Daryl Hall (born Daryl Franklin Hohl, October 11, 1946 in Pottstown, Pennsylvania) is an American rock, R&B and soul singer, keyboardist, guitarist, songwriter and producer, best known as the founder and half of the music duo Hall & Oates (with music partner/guitarist John Oates), who also served as lead vocalist. Guitarist Robert Fripp, who collaborated with Hall in the late 1970s and early '80s, has written, "Daryl's pipes were a wonder. I have never worked with a more able singer." He currently hosts the web tv series, Live From Daryl's House. Hall has written or co-written 11 Billboard Number One songs, "She's Gone" (with John Oates as covered by Tavares), "Rich Girl", "Kiss On My List" (with Janna Allen), "Private Eyes" (with Sara Allen, Janna Allen & Warren Pash), "I Can't Go for That (No Can Do)" (with John Oates & Sara Allen), "Say It Isn't So", "Maneater" (with John Oates & Sara Allen), "Out of Touch" (with John Oates), "Everytime You Go Away" (with John Oates - as covered by Paul Young) and "Do It For Love" (with John Oates). Hall also sang lead vocals and has written or co-written 7 more popular Billboard songs that also made it to the Top 10, such as: "Adult Education" (with John Oates & Sara Allen), "Method of Modern Love" (with Janna Allen), "You Make My Dreams" (with John Oates & Sara Allen), "Everything Your Heart Desires", "One on One", "So Close" (with Jon Bon Jovi & Danny Kortchmar) and "Did It in a Minute" (with Sara Allen & Janna Allen). In addition, he also sang lead vocals while covering on another Top 10 hit: "Family Man," a song that was written by Mike Oldfield, a year earlier than its release. Starting his career as a teenager on the streets of Philadelphia, Hall quickly formed creative affiliations with such artists as Smokey Robinson, the Temptations and many other top soul singers of the 1960s. He began his recording career with Kenny Gamble and Leon Huff, working as both an artist and session musician. This was during and after he attended Owen J. Roberts High School in Pottstown, where he graduated in 1964, and entered into Temple University, majoring in music, while working as a session artist. In 1967, he met John Oates, also a college student from Temple, and embarked on a 30-odd year creative journey. According to Daryl Hall they met when, "We got in the middle of a fight at a record hop - I have no idea what the fight was about. I guess the Greek letters on one gang's jackets didn't appeal to the other gang. We both beat it out the back and met on the elevator while leaving the place rather quickly." Hall was already a senior, while Oates was a freshman, and both had played it out temporarily, until Oates transferred schools, at only 19. Daryl did not let this discourage his musical career as he worked in a short-lived rock band Gulliver. By 1969, just one year after his dropout from college, Hall went back to concentrating on recording other artists, which led them into signing their very first record contract, early in 1972. Signed to Atlantic by Ahmet Ertegun and managed by Tommy Mottola in the early 1970s, Hall & Oates have sold more albums than any other duo in music history. Their second album, Abandoned Luncheonette, produced by Arif Mardin and released in 1973, yielded the single, "She's Gone", which went to #7 in the U.S. Top 10 on re-release in 1976 after reaching #1 on the R&B charts when it was covered by Tavares. The duo recorded one more album with Atlantic, War Babies (produced by Todd Rundgren), before they were dropped and promptly signed to RCA. During their tenure at RCA the duo catapulted to international superstardom. From the mid-1970s to the mid-1980s, Hall & Oates would score six U.S. #1 singles, including "Rich Girl" (also #1 R&B), "Kiss on My List", "Private Eyes", "I Can't Go for That (No Can Do)" (also #1 R&B), "Maneater" and "Out of Touch" from their six multi-platinum albums - Bigger Than Both of Us, Voices, Private Eyes, H2O, Rock 'n Soul Part 1 and Big Bam Boom - the last five of which were released consecutively. The era would also produce an additional five U.S. Top 10 singles, "Sara Smile", "One on One", "Family Man," "You Make My Dreams", "Say It Isn't So" and "Method of Modern Love". In addition to his work with Oates, Hall has made music as a solo artist as well as recording with Robert Fripp in the late ‘70s, working on Fripp’s critically praised, Exposure album from 1979. 1977 Fripp produced and performed on Hall's debut solo album, the much-acclaimed Sacred Songs. This album was released 1980. In 1985, Hall participated in the We Are the World session as well as closing the Live Aid show in Philadelphia. He also made an album with Dave Stewart that year, Three Hearts in the Happy Ending Machine. He has recorded such solo works as Soul Alone in 1993 and Can't Stop Dreaming in 1996, both of which were received well internationally. In July 2005, Hall was diagnosed with Lyme Disease causing him to cancel a majority of Hall & Oates' summer tour. The duo released a Christmas album in October 2006 titled Home for Christmas. In 2007, Hall guest starred on the HBO series Flight of the Conchords, portraying an MC of a world music fest. On November 14, 2007, Hall appeared on the Howard Stern Show, discussed his hatred of deer and rabbits, prompted by his career-threatening bout with Lyme Disease, sang acoustic versions of "Sara Smile' and "Rich Girl", and talked about his new monthly performance webcast called "Live from Daryl's House". The webcast has so far featured appearances by KT Tunstall, Eric Hutchinson, and Gym Class Heroes' Travis McCoy, as well as a holiday special featuring songs from the Hall and Oates release, Home for Christmas. The show recently featured guests Ray Manzarek and Robbie Krieger of The Doors. Speaking of his reasons for starting the "Live From Daryl's House" webcast, in June 2008 Hall told noted UK R&B writer Pete Lewis of the award-winning Blues & Soul: "For me it was sort of an obvious thing. I've been touring my whole adult life really, and, you know, you can't be EVERYWHERE! Nor do I WANT to be everywhere at this point! I only like to spend so much time per year on the road. So I thought 'Why don't I just do something where anyone who wants to see me anywhere in the world CAN?! And, instead of doing the artist/audience performance-type thing, I wanted to deconstruct it and make the audience more of a fly-on-the-wall kind of observer... I mean, what I've always done onstage is very natural. I talk to the audience and it's a very sitting-roomy kind of thing. So I just thought I'd basically bring that to the web." On March 12, 2008, Hall played a well-received set with his band at the South By Southwest festival in Austin, Texas. Hall was slated to sing the National Anthem of the United States before Game 5 of the 2008 World Series at Citizens Bank Park in Philadelphia. Due to an illness Hall could not appear and Oates filled in for him. In 2009, Hall guest starred on the Independent Film Channel series, Z-Rock (as himself). Hall had a 30-plus year relationship with Sara Allen (the inspiration for the song "Sara Smile"). They were never married nor had any children. Their relationship ended in 2005, and while the reasons for the breakup remain between Hall and Allen, it did come shortly after Allen's younger sister, Jana, succumbed to cancer. Daryl does have one son, Darren, from another relationship. Hall restores and preserves historic homes in both the United States and England. According to the Associated Press, he is the new owner of the 345-year-old John Bray House, in Maine. He also has restored a Georgian-style home in London, England, first built in 1740, one of only 50 houses with direct waterfront access to the River Thames. He is currently restoring two homes, one built in 1771, the other in 1780, both now located on the same property in Dutchess County, New York. After he moved them together, he discovered both homes, by coincidence, were connected to the same family.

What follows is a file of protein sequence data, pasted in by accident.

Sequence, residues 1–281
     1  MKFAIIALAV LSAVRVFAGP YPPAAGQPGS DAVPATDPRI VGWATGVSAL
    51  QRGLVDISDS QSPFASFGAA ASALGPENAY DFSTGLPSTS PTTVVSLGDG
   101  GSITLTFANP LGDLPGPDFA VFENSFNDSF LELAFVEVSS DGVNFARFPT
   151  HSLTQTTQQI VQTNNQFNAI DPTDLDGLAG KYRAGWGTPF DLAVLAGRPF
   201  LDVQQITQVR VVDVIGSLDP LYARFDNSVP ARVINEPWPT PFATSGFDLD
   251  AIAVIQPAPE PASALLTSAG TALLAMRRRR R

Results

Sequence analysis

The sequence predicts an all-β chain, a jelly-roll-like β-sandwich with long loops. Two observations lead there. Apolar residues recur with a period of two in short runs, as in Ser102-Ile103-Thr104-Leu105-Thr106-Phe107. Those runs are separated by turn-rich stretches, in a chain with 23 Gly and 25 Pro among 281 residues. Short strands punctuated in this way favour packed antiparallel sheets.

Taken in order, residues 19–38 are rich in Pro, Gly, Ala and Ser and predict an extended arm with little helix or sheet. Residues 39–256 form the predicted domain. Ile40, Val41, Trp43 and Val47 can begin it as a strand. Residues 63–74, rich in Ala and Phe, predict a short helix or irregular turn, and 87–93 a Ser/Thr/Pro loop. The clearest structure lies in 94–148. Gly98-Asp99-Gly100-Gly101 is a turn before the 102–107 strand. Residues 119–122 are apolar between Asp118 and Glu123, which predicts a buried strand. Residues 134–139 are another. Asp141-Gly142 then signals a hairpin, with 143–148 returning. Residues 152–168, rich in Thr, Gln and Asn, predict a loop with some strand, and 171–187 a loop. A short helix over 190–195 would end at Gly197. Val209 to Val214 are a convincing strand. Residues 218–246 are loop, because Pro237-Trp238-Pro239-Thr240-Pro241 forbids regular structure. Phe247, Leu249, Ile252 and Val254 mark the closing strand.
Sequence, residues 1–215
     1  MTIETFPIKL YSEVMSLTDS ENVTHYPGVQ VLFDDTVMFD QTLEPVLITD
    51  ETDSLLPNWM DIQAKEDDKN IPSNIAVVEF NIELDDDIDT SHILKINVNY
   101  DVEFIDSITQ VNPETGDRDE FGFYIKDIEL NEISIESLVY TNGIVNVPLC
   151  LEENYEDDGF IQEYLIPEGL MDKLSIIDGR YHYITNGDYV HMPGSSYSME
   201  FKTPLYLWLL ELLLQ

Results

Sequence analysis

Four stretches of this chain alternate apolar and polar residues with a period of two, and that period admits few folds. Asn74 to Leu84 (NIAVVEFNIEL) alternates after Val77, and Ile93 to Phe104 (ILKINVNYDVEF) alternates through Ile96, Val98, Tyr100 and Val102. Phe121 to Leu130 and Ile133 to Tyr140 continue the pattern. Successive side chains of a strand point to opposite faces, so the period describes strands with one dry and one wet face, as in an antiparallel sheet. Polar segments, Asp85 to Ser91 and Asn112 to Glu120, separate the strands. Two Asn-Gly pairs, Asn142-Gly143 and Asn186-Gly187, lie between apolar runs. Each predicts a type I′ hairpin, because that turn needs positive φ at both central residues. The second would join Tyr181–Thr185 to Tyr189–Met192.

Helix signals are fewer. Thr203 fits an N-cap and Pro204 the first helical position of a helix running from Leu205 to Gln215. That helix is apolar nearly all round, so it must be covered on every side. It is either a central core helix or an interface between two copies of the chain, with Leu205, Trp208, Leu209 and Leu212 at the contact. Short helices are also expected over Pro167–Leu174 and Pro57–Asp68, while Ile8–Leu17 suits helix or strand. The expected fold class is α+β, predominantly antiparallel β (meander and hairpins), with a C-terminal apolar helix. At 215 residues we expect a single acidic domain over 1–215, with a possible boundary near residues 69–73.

A.O.O.F.C said...


p/w aoofc

Eric said...

I tell ya, I never really thought much of Darryl Hall's voice during the Hall & Oats heyday.
Not to say I didn't think he was a good singer.
It's just Hall & Oats in general ( mainly latterday day era) just isn't my cup of tea.
("She's Gone" of course being a classic.)
But what changed my mind was Hall's contributions to Robert Fripp's "Exposure" album.
He really did a nice job on tracks like "North Star".

A.O.O.F.C said...

Hi, Eric. There are probably two phases of H&O. The earlier pure Blue Eyed Soul of Abandoned Luncheonette, and the later disco orientated pop soul stuff, which many people dislike. Nevertheless, Sara Smile, She's Gone, and a few more are all time classics. Fripp's "Exposure" is a good album, with great work from Daryl Hall. Seemed like an unlikely combination, but it worked. Talking of Robert Fripp, I must post some King Crimson stuff. KC are almost forgotten nowadays. Cheers, Eric! I'll be in touch soon...P

José Carvalho said...

Always on top! Thanks for these ones, didn't know they existed.This is the address of an excellent bosnian blog, hope you like it

A.O.O.F.C said...

Nice to hear from you,José. Thanks for your kind words. I'll look at that link. I'm always hoping to discover something interesting. Cheers, & TTU soon

Eric said...

Agreed " Abandoned Luncheonette" I have on vinyl = good album.
The latterday stuff was executed great if that's one's style of music.
I just felt it a little too wimpy.

A.O.O.F.C said...

Hi, Eric. Yes. The later H&O is probably for the disco audience. Still...It's highly polished, pro stuff, and a few of their songs should stand the test of time. Just gimme that night fever....Not!